If only everything in life was as reliable as Saxon. You can set your watch by the fact the enduring Yorkshire stalwarts of the NWOBHM will be touring every spring, usually to coincide with St George’s Day. And you can guarantee a top quality professional performance, and a set list with a perfect balance of new material, unexpected cuts from their lengthy career and, as the set wears on, the classics that those of us of a certain age grew up on.
On this occasion a clash with their London show sent me and other stalwarts of the London gig scene on a Bank Holiday ‘away gig’ 60 miles up the road in Oxford. First support band Redline were a perfect fit for Saxon, making up for a rather amateur stage presence with enthusiastic traditional metal tipped off by the excellent vocal range of singer Kez Taylor.
In contrast the Quireboys‘ booze-fuelled, Faces and Stones inspired mayhem might have seemed an odd choice to back the tea drinking metallers. Yet the two have a lot in common – quintessentially English bands who enjoyed a brief spell in the spotlight, hit on hard times but have bounced back and enjoyed a rejuvenated career, with a revised line up but with a distinctive singer and engaging frontman, in the Quireboys’ case Spike, looking like an extra from ‘Pirates of the Caribbean’ and hobbling from a football-related injury.
Their 40 minute set showed them in the best possible light – the sound was excellent and brought out interplay between Keith Reid’s honky tonk piano and the guitars, including plenty of slide work from the well matched pair of Paul Guerin and Guy Griffin.
A well chosen setlist included old favourites like opener ‘Tramps and Thieves’, ‘Misled’ and ‘Hey You’ but also looked to recent cuts – ‘Mona Lisa Smiled’ has become a modern Quireboys classic, and even two brand new songs - ‘Too Much of a Good Thing’, with its AC/DC inspired riff, and ‘Mother Mary’, with a melancholic feel that reminded me of Mott the Hoople, before they ended with 7 O’ Clock, still one of the great singalong party anthems.
Saxon opened with the title track from their new Sacrifice album, which featured heavily on alongside some vintage gems – ‘Power and the Glory’, which as Biff Byford pointed out has just celebrated its 30th anniversary, and the rarely played ‘Rock and Roll Gypsy’, with its commercial chorus and a great solo from Paul Quinn. Biff as always was the ringmaster and did his usual asking the crowd what should be played, with ‘The Bands Played On’ winning the day.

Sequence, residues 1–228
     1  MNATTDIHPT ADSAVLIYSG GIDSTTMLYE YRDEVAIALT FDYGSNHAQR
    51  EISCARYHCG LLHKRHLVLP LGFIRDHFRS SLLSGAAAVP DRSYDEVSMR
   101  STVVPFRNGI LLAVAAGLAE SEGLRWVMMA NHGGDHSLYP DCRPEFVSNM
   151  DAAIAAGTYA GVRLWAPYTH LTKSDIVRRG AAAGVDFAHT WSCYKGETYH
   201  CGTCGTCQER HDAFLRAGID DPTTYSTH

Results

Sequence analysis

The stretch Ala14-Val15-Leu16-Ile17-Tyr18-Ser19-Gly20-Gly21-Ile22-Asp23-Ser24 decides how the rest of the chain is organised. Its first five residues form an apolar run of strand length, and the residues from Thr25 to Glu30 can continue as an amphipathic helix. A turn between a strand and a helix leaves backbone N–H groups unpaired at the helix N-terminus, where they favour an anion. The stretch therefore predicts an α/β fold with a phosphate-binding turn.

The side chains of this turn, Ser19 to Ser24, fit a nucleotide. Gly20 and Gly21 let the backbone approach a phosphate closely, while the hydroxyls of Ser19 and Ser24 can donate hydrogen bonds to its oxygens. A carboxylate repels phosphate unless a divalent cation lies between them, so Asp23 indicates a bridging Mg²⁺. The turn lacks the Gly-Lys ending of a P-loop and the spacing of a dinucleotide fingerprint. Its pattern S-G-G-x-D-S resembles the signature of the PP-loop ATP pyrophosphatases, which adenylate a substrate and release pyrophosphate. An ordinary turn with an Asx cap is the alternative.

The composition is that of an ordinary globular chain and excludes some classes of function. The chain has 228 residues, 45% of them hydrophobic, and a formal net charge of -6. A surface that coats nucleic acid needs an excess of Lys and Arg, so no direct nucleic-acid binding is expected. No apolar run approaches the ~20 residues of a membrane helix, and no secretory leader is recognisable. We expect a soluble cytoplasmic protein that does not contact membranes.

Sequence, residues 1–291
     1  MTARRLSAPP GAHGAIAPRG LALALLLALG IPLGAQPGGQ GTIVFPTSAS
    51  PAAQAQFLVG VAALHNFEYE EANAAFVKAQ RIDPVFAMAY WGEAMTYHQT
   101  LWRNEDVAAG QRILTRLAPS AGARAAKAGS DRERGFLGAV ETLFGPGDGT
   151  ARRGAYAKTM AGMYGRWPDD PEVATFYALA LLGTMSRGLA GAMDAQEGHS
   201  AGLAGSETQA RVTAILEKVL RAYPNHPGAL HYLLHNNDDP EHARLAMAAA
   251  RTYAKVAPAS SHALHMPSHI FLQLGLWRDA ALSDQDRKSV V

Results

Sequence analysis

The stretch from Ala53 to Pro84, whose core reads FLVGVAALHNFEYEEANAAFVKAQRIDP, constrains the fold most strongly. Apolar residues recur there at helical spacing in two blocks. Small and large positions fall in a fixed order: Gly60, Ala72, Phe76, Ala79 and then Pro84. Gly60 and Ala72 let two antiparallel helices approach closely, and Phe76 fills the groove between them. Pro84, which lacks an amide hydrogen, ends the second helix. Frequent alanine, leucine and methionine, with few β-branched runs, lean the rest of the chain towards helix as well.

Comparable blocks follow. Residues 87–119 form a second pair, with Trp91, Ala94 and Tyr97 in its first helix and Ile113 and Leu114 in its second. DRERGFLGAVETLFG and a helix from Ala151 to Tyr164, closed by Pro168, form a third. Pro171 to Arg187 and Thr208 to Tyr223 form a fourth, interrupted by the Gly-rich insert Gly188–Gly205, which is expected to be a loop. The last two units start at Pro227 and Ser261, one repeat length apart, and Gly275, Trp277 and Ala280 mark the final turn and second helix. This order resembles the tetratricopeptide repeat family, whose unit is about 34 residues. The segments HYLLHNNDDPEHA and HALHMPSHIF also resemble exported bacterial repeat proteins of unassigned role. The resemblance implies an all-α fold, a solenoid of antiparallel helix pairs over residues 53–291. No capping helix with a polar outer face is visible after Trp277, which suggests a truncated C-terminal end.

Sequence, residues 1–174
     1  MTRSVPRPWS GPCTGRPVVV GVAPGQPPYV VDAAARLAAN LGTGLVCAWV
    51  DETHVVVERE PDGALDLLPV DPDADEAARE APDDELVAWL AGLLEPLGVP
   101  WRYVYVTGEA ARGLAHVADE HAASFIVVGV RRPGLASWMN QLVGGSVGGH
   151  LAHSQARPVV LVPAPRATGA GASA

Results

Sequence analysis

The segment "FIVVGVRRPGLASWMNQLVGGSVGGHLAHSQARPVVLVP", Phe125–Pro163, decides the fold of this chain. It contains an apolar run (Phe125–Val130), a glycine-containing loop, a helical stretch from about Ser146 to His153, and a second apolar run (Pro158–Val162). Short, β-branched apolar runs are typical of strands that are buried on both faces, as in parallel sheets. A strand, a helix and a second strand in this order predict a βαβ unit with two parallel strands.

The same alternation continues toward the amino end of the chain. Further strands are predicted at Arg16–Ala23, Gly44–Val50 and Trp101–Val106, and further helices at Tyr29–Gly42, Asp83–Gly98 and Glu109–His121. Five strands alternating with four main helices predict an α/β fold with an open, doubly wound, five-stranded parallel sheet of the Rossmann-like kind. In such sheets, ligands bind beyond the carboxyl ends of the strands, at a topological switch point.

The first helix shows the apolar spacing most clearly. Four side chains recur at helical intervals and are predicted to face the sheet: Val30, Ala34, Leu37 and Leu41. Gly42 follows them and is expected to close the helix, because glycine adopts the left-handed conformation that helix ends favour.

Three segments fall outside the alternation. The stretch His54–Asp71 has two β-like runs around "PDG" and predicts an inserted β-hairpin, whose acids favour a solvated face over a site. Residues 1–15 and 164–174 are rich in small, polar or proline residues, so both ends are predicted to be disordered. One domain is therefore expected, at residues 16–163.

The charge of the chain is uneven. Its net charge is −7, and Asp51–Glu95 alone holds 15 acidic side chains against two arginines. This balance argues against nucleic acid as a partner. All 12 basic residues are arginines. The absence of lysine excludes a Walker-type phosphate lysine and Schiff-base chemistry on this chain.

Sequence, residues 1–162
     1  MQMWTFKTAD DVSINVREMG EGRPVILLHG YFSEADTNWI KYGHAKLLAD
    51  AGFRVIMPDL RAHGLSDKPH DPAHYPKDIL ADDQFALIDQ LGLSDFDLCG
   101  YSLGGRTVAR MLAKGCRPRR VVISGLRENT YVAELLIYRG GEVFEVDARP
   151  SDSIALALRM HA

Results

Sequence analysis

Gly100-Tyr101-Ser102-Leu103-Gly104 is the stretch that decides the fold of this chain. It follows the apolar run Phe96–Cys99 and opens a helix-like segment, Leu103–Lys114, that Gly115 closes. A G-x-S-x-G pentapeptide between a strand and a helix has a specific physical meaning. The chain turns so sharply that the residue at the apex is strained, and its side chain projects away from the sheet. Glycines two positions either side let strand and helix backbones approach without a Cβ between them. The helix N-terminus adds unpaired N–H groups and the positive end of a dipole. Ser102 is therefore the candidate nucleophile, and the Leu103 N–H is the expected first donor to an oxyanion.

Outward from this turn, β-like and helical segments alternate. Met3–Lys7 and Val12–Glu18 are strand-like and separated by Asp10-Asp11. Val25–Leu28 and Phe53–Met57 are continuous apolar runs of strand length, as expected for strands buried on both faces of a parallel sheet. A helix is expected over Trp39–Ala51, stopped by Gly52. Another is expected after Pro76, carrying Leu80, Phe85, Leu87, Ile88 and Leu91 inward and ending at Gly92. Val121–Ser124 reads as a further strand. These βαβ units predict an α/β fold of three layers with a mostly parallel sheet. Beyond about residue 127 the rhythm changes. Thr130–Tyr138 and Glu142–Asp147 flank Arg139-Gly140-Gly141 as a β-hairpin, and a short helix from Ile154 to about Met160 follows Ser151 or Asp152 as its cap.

Of the new songs ‘Night of the Wolf’ and ‘Stand Up and Fight’ were more instant than much of their more recent material, harking back to their earlier days, while there was a smattering of non-obvious songs including a heavy ‘Conquistador’, complete with Nigel Glockler’s drum solo, and ‘Iron Wheels’, the song about Biff’s miner father, with acoustic guitars taking the pace down.
Paul Quinn and Doug Scarratt were as solid if unflashy an axe pairing as ever, the former even cracking a rare smile as he donned a 12 string, while the latter was pulling some great metal poses to entertain the crowd at the front.
Another surprise from the late eighties in ‘Ride Like the Wind’ and an epic ‘Dallas 1pm’ sent us into the home straight of Saxon classics, which were predictable yet so evocative for those of us who grew up on metal in the early eighties – ’747 Strangers in the Night’ and ‘Wheels of Steel’, with Biff orchestrating the usual call and response.
Nibbs Carter’s unmistakable rumbling bass intro set the scene for another classic in ‘Strong Arm Of The Law’ before fists were punching to ‘Denim and Leather’, the unofficial soundtrack to the NWOBHM era.
Seemingly impromptu they slipped in a furious ‘Heavy Metal Thunder’, though to the disappointment of some at the expense of ‘Crusader’, before Paul was ushered forward to play the opening riff to another, much loved, early classic in ‘Princess of the Night’.
If truth be known I may have seen better Saxon gigs yet, to quote their contemporaries Judas Priest, few bands are more consistent at delivering the goods time after time. I will never tire of seeing both them and the Quireboys and long may both continue to rock it old school.
Review by Andy Nathan
Photos by Stephen Fourie
More from the Sacrifice tour:
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Power Plays w/c 28 October (Mon-Fri)
COLLATERAL Mr Big Shot (Roulette Media Records)
BABY HUSBAND Stop Thinking About Tomorrow (indie)
OF ALLIES Off The Map (indie)
EXPLORING BIRDSONG The River (indie)
MARISA AND THE MOTHS – Slave (indie)
CATTLE AND CANE I Wish I Knew Jesus (Like I Do)
KING VOODOO Creep (indie)
Featured Albums w/c 28 October (Mon-Fri)
09:00-12:00 UNRULY CHILD Big Blue World (Frontiers)
12:00-13:00 REDLINE Gods & Monsters (Escape Music)
14:00-16:00 WILDWOOD KIN (Silvertone/Sony)
Albums That Time Forgot (Mon-Fri)
MAGNUM Sleepwalking (1992)
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